I just returned from visiting family in India and we were wondering about the whole nine yards expression. My mom proposed that it came from the length of the formal saris worn in South India. Most saris are six yards, but all the weddings, etc. require a nine-yard sari. Maybe the Brits brought it into the English language?
I have a question, not a comment. Patricia mentions that she is hesitant to correct certain commonly used idioms,because they often become acceptable at some point. Who exactly makes that decision that a previously unaccepted word or idiom is now "official" accepted?
I can't believe you repeated the caller's misconception of the origin of 'rule of thumb' but never explained the use of 'fathom' to measure depth, even though multiple people commented on it. Huh?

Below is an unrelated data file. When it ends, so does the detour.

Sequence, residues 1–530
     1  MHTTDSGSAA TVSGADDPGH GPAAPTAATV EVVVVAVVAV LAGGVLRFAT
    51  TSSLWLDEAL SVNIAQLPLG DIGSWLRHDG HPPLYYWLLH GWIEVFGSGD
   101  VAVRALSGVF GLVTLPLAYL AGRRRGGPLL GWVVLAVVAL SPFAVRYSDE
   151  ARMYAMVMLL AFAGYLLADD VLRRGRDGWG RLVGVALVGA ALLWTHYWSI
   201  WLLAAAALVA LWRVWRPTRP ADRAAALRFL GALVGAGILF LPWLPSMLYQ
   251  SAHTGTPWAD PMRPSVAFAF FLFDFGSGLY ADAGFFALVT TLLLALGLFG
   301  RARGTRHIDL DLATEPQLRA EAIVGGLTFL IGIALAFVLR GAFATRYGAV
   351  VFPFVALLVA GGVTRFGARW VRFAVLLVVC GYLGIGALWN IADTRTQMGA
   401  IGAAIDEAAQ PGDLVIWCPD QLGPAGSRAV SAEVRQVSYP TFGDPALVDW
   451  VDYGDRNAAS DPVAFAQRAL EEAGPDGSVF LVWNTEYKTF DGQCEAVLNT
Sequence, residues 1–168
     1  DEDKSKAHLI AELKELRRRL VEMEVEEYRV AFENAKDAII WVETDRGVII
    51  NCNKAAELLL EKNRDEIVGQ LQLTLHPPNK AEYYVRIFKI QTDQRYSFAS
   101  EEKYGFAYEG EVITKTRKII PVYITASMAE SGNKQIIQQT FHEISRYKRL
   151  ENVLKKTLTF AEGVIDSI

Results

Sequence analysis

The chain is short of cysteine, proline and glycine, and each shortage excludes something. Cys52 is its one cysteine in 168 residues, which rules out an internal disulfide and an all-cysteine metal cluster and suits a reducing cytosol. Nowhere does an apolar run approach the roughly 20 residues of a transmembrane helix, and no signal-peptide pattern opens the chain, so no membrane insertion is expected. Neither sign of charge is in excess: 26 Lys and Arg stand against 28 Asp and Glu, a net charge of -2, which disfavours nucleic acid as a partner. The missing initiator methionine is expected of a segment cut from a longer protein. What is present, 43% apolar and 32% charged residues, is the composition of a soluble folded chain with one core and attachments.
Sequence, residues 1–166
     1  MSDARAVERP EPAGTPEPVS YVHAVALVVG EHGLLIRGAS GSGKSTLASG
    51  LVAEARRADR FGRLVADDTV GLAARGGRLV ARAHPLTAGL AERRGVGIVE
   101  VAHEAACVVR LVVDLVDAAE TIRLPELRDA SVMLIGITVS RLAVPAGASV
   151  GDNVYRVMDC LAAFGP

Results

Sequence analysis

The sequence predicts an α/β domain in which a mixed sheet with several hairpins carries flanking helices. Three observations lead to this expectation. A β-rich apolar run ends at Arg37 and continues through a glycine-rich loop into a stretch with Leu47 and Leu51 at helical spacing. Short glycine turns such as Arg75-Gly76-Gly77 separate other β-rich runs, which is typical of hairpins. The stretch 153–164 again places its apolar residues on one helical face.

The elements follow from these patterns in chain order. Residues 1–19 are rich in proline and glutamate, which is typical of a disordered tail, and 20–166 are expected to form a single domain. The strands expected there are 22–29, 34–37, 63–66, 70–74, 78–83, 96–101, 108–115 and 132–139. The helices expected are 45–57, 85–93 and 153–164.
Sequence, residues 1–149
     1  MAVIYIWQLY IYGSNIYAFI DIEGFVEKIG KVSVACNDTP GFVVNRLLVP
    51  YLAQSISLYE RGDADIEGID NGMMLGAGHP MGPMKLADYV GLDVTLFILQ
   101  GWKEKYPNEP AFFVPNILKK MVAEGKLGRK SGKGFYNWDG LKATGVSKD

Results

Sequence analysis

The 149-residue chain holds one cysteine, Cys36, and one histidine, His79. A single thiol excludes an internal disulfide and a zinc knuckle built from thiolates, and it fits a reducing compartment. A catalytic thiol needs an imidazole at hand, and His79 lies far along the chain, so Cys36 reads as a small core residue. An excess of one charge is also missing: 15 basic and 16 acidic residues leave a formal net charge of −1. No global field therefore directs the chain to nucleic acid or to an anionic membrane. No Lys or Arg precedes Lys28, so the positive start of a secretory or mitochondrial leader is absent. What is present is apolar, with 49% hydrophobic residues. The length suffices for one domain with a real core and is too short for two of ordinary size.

What? Refer the a decades as "the 1980"? Did she misspeak?
Did she mean to say "the 1980s" as opposed to "the 1980's"?
I still wonder what we should call the current decade, these 2000's. Not a huge problem now and for the next decade, but then it will be awkward with a term for it. I somehow don't see the "Double Oughts" (ought's?) coming into common use.
So, what term? What name?
A quick google search reveals that "graduated + noun phrase" is clearly available, although less so than "graduated from + noun phrase". I googled:"I graduated high school in" and got about 162,000"I graduated from high school in" got about 291,000.Facts are useful - even rough ones like these...
The term "whole nine yards" refers to the fact that a box of 50 caliber amunition used on US WWII Bombers B-17 and B-24 has 9 yards of belt fed bullets. To give the enemy fighters the who nine yards was to fire the gun for as long as you could before having to reload a new amunition box
In this season of graduation processions, could you comment on the verb "process" (accent on the second syllable)? This has always driven me crazy, as it sounds like a particularly boneheaded back-formation.